Arts of Music, Food, Literature, Film

unite Muslims, Jews, Christians, all, at year's end

Friday, 29 December 2006


     This 2006 year is ending.
     Signs are that 2007 is bringing a new surge of citizen connections, communication, compassion and creativity.
     A stream of progress is appearing even now, emanating from citizens with courage.

     Below is one old Story and several new ones that portend change through the arts..
        1.  FRANCIS: Model citizen-peacemaker
        2.  Todays citizen-peacemakers through the Arts: Literature, Food, Music, Film
     Our experience and faith is that everyone has a soul -- a quality within whose oldest memory is of union.
     And whose deepest longing is for reunion.
     Know that, and reach out to others, especially "enemies," just like the people described below.
     Bless your year in our first decade of "The Citizens' Century."
     A great time to be alive and contributing.

                - L&L

1.  FRANCIS: Model citizen-peacemaker
     "Brother Sun, Sister Moon" (1968, Franco Zeffarelli) about Francis of Assisi seared in our memory images of what peacemaking looks like.
     Francis had joined the European Christians' Fifth Crusade not as warrior but as peacemaker.
     In times when some of the most visible signs of the Christian religion were the wars and atrocities of the red-crossed crusaders.
     Yet, Francis lived among them, discouraging violence and prescribing compassion and principled living at the highest.
     Returning home, distraught from seeing the slaughter of Muslims,.Francis underwent an extraordinary life-change.
     Few realize that Francis, in one of his most poignant acts, sailed across the Mediterranean to the Egyptian court of Muslim Arab al-Malik al-Kamil, nephew of the great Saladin who had defeated the forces of the hapless Third Crusade.


The Peaceful Crusader

By Thomas Cahill

The New York Times  --  Monday, 25 December 2006


     Kamil, wise and moderate, was deeply impressed by Francis courage and sincerity.
     The Muslim leader invited Francis to stay for a week of serious conversation.
     Francis, in turn, was deeply impressed by the religious devotion of the Muslims, especially by their five daily calls to prayer.
     The thrice-daily recitation of the Angelus that became current in Europe after this visit perhaps was precipitated by the impression made on Francis by the call of the muezzin.
     Just as the quintessential Catholic devotion of the rosary derives from Muslim prayer beads.

     Francis returned to the Crusader camp on the Egyptian shore and desperately tried to convince Cardinal Galvani, empowered by the Pope to lead the Crusade, to pursue a peace.
     After all, the Muslim sultan, with far greater force on his side, was all too ready to do so.
     But the cardinal had dreams of military glory and would not listen.
     His eventual failure, amid terrible loss of life, brought the age of the crusades to its inglorious end.
     Francis is now considered the first person from the West to travel to another continent with the revolutionary idea of peacemaking.

     Islamic society and Christian society have been generally bad neighbors for nearly 14 centuries, eager to misunderstand each other, often borrowing culturally and intellectually from each other without ever bestowing proper credit.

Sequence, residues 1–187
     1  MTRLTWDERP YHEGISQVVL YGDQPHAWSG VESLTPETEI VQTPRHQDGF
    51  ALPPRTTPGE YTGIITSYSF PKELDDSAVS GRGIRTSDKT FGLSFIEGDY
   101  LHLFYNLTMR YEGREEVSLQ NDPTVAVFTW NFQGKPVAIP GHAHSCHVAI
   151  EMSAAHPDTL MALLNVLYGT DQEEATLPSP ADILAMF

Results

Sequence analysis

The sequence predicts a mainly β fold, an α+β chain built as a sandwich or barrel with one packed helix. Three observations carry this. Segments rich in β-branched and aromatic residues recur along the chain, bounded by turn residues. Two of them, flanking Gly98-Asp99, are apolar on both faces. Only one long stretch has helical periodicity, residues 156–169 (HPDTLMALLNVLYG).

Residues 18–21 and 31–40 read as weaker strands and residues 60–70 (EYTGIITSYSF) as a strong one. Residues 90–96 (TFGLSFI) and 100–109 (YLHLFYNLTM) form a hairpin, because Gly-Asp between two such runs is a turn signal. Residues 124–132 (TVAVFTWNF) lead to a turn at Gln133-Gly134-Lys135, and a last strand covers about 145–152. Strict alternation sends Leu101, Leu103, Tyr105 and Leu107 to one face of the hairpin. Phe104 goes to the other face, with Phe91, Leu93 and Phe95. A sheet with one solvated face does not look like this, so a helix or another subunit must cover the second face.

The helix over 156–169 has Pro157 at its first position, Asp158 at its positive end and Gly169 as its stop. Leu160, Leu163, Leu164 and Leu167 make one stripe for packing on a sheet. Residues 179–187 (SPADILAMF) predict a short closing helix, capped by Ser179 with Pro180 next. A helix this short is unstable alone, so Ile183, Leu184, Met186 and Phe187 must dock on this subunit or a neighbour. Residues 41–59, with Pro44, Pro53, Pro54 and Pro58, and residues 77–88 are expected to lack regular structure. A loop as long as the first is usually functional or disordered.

Now Chief Rabbi of the British Commonwealth, Sir Jonathan Sacks, almost as if  thinking of Kamil and Francis, reminds us:

Those who are confident of their faith are not threatened but enlarged by the different faiths of others. ... There are, surely, many ways of arriving at this generosity of spirit and each faith may need to find its own.

     To build a future better than our past, we need, as Rabbi Sacks has put it, the confidence to recognize the irreducible, glorious dignity of difference.
     We stand in desperate need of contemporary figures like Kamil and Francis of Assisi to create an innovative dialogue.

2.  Todays citizen-peacemakers through the Arts:
      Literature, Food, Music, Film

LITERATURE (Three women)

     THE FAITH CLUB is a 2006 best-seller about three women --Muslim, Catholic and Jew -- who helped each other learn and become more human.
     After September 11th, Palestinian-American Ranya Idliby, inspired by a story about Muhammad, reached out to two other mothers to better  understand  and answer their children's questions about life.
     With Jewish Priscilla Warner and Catholic Suzanne Oliver, the women created an honest and open environment where they could admitand discusstheir concerns, stereotypes, and misunderstandings about one another.
     After hours of soul-searching about the issues that divided them, Ranya, Suzanne, and Priscilla grew close enough to discover and explore what united them.


The Faith Club

A Muslim, A Christian, A Jew -- Three Women Search for Understanding

Free Press --  October, 2006  --  320 pages


     These three women have spawned new interfaith discussion groups in living rooms, churches, temples, mosques, and other settings.
     Their last chapter provides detailed advice on how to start a faith club -- questions to ask, books to read.
     Most importantly -- the open-minded attitude to maintain in order to come through the experience with an enriched personal faith and understanding of others.

FOOD (Three women)



Published in Ma'ariv - Tuesday, 26 December 2006

by Dudu Bazak


     Everyone talks about peace, but there are some who cook it.
     Three women from Nazareth and Upper Nazareth, a Jew, a Christian and a Muslim, go from one informal social gathering to another and cook their best national foods.
     And when everyones stomachs are full, they talk about coexistence.